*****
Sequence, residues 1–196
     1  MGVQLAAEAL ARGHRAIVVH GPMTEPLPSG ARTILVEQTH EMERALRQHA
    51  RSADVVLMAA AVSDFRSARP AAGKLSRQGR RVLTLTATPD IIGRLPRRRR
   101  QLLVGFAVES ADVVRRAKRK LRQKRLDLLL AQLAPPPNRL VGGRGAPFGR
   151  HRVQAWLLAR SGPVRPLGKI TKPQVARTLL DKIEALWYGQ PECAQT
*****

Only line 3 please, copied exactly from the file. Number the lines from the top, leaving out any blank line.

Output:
    51  RSADVVLMAA AVSDFRSARP AAGKLSRQGR RVLTLTATPD IIGRLPRRRR